From the Richmond Examiner, 6/9/1864

PRISONERS FROM THE FRONT TUESDAY. – Ninety-six prisoners of war were received at the Libby prison Tuesday afternoon from General Ewell's front. They were captured in the retreat of Grant from his works. They were dusty, dirty, dispirited and demoralized, and admitted that the game of Grant was "gone up." After the terrific slaughter at the last battle of Spotsylvania, Grant had promised his troops that he would make no more direct assaults upon Lee's works, but he had not kept his word. They would trust him no longer, and appeared glad at the prospect of Grant's army getting into Richmond by detail. – To the question of a spectator, as to where the prisoners were taken, one of them spoke up, "In your Ewell's front; what makes your fellows stand up so?"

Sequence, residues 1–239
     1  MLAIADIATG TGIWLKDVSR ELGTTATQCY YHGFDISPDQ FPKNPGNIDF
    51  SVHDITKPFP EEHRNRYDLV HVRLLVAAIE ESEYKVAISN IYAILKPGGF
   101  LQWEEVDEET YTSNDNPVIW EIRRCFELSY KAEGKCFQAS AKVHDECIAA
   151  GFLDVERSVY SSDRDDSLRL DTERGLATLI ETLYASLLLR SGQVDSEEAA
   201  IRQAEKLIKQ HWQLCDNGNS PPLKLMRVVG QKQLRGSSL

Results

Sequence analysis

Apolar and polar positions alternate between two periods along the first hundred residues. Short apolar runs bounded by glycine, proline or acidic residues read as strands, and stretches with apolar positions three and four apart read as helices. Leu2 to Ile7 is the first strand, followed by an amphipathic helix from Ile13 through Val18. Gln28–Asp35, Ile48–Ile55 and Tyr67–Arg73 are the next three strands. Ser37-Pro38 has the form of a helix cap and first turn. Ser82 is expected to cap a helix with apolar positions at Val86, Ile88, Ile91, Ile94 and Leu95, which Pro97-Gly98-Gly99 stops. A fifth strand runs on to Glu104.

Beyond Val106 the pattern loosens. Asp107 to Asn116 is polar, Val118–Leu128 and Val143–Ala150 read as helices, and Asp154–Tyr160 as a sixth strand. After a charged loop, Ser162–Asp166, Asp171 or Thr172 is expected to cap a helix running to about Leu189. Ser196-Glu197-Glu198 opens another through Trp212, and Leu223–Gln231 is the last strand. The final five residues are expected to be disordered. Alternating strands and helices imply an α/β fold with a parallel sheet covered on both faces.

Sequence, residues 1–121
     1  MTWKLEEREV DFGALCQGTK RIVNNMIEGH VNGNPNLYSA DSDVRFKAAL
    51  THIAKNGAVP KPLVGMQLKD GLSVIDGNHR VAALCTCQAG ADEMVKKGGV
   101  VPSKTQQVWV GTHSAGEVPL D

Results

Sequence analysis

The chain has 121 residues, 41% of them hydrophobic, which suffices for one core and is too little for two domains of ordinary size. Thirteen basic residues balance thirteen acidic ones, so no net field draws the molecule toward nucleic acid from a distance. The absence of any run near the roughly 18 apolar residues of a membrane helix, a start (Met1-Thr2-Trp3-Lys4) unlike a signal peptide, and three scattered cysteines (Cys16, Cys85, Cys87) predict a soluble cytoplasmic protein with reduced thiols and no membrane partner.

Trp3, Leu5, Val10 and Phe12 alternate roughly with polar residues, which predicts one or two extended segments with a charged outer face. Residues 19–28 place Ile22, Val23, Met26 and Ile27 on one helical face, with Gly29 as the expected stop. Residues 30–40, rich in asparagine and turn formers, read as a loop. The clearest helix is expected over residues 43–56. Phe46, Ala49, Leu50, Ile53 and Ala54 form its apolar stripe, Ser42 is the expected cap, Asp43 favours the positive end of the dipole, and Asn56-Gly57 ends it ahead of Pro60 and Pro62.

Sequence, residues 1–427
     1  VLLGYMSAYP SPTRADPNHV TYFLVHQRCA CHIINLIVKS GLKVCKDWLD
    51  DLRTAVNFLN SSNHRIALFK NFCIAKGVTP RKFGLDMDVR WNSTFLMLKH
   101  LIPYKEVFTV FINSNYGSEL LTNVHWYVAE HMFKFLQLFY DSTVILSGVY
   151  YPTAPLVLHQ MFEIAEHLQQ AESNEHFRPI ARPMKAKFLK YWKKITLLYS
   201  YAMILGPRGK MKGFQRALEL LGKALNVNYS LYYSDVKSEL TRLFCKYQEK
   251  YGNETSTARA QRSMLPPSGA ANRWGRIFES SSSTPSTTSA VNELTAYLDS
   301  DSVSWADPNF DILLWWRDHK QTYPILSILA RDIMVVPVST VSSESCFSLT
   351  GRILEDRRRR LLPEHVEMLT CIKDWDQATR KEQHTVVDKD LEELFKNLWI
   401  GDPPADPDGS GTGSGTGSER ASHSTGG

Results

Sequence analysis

Later Tuesday evening thirty-eight more were marched into the city, by way of the Provost Marshal's office. Among them were several commissioned officers, and one of them, a Captain who had fallen in the rear, smoked a Confederate cigar with great gusto, rolling his eyes about all the time, and surveying the local points of interest always to be found in the "rebel capital."

The following were the officers received Tuesday: Captain John Rowe, Sixteenth Massachusetts; First Lieutenant John Mallison, Ninety-fourth New York; Second Lieutenant J. W. Lucas, Seventh Michigan cavalry; Lieutenant-Colonel Orsen Malten, Twenty-fifth, Massachusetts; Second Lieutenant Thomas Saul, Twenty-fifth Massachusetts.

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